Big Four release their wish-lists for Singapore Budget 2020: Deloitte

14 February 2020 3 min. read

This year’s Singapore budget is just around the corner, and the Big Four have released their wish-lists in advance. highlights one areas of each firm’s input in a four-part series. Here, Deloitte calls for tax credits to encourage skills development

Amid growing signs of global economic gloom, there is a widespread sense that this year’s Singapore Budget – which is scheduled to be released on Tuesday – is an especially critical one. In its opening commentary, the Singapore member of global professional services firm Deloitte describes the current retreat from multilateralism being seen around the world as unprecedented. As such, the firm has called for a focus on further investment into local skills development.

“As the world economy becomes increasingly volatile, it is reassuring that the Singapore government is ready to help businesses and workers tide through potentially trying times,” states Deloitte Southeast Asia regional managing partner for Tax & Legal, Low Hwee Chua. “The challenge lies in how well businesses plan and prepare ahead. Developing and deepening workers’ capabilities remains one of the clear themes of Singapore’s transformation roadmap.”

In a bid to further transform Singapore into one of the world’s leading knowledge economies, the government two years ago released its professional services industry roadmap – with an expansion of the Professional Conversion Programmes (PCPs) a central feature. Deloitte followed up as the first company to establish an official PCP focused on consulting, for professionals, managers, executives and technicians wishing to train for a move into the evergreen sector. Here, the firm says that policy support in such areas should remain a priority.

Deloitte - Singapore Budget 2020

“Human capital is an important driver of economic growth. With limited natural resources to depend on, the availability of quality human capital remains a key competitive edge for organisations to consider Singapore as regional or global headquarters for strategic and support activities,” states Liew Li Mei, International Tax Leader at Deloitte Singapore. “That being said, companies find that there are inherent risks in investing in human capital as employees may leave before the company has a chance to recoup or realise its investment.”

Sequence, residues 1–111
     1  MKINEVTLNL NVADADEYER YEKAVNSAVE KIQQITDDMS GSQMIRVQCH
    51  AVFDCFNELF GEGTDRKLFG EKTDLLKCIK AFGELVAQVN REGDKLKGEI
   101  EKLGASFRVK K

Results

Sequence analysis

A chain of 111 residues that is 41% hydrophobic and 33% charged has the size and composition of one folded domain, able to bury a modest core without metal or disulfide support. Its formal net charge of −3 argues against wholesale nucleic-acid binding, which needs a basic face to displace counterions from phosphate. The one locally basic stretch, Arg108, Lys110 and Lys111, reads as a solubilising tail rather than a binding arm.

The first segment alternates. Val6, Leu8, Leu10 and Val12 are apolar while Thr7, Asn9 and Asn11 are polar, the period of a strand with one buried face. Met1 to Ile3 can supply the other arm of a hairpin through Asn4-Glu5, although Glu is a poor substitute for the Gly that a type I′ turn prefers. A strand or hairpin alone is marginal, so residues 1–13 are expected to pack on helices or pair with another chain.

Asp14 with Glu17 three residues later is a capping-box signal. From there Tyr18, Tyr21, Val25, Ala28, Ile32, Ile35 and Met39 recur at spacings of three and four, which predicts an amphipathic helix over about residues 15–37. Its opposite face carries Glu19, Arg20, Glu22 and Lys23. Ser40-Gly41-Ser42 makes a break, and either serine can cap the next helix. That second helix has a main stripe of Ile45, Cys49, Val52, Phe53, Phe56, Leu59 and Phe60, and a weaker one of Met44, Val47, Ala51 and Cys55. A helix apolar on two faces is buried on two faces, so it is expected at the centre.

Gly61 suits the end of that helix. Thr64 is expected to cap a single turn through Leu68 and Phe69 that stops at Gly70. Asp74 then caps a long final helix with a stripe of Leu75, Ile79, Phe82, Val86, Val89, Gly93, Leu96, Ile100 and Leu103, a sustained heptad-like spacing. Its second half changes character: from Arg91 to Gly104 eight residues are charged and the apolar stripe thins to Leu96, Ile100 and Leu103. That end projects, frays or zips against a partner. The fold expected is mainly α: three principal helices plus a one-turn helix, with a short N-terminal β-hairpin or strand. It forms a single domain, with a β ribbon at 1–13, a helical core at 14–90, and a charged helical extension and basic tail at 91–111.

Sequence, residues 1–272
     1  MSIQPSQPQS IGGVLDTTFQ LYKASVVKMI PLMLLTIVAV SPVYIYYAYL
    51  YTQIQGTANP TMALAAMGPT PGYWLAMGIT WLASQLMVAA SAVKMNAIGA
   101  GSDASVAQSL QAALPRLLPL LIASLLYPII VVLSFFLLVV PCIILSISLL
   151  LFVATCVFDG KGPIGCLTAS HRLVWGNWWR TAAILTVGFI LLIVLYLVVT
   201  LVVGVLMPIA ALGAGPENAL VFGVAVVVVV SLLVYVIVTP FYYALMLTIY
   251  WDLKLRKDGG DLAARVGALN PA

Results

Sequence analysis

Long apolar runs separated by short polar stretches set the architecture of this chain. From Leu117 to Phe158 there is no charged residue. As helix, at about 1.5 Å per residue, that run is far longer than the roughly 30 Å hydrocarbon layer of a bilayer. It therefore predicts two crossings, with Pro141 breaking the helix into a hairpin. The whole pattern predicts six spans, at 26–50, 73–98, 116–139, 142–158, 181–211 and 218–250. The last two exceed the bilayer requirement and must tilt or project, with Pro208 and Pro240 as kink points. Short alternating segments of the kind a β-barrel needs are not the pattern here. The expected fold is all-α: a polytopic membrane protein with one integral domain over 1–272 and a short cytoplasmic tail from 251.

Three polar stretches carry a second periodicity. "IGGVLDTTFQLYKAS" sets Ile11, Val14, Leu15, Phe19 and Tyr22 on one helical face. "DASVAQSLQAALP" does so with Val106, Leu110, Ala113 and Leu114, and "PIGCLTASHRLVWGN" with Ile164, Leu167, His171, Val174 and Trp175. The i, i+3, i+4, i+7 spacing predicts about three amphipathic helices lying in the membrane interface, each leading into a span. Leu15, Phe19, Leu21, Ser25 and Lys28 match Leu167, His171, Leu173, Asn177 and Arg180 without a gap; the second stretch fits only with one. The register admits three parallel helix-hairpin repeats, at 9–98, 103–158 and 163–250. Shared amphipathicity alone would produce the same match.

While Liew notes that employee movement doesn’t necessarily represent a risk to the wider economy – such as that skills learned will likely remain in the local market, albeit benefitting a different employer – the potential of departures still contributes to a reluctance to invest, and thus undermines a skilled market regardless. One of Deloitte’s recommendations then is for a study on the feasibility of an ‘unrealised investment in human capital’ tax credit or allowance.

Such tax concessions for ‘unrealised or unsuccessful’ investments would incentive private investment into human capital development and redistribute some of the risks from businesses to the broader economy; “in view that a skilled workforce is beneficial to Singapore as a whole.” Despite its own size – globally, the firm generates revenues in excess of $46 billion – Deloitte adds that this would be especially beneficial for small and medium-sized enterprises (SMEs).

Liew has also suggested aged-based top-ups to the SkillsFuture initiative, with citizens over 40 to receive higher credits. “Human capital can no longer be perceived as how much revenue a person could generate for the business, but how much value a person could bring to a business in his entire career,” the firm concludes. “Different value propositions could be brought in by an individual at different stages of his career; some values are tangible, while many are intangible”.

Next: KPMG shares a vision of Singapore as Asia’s Transformation Capital.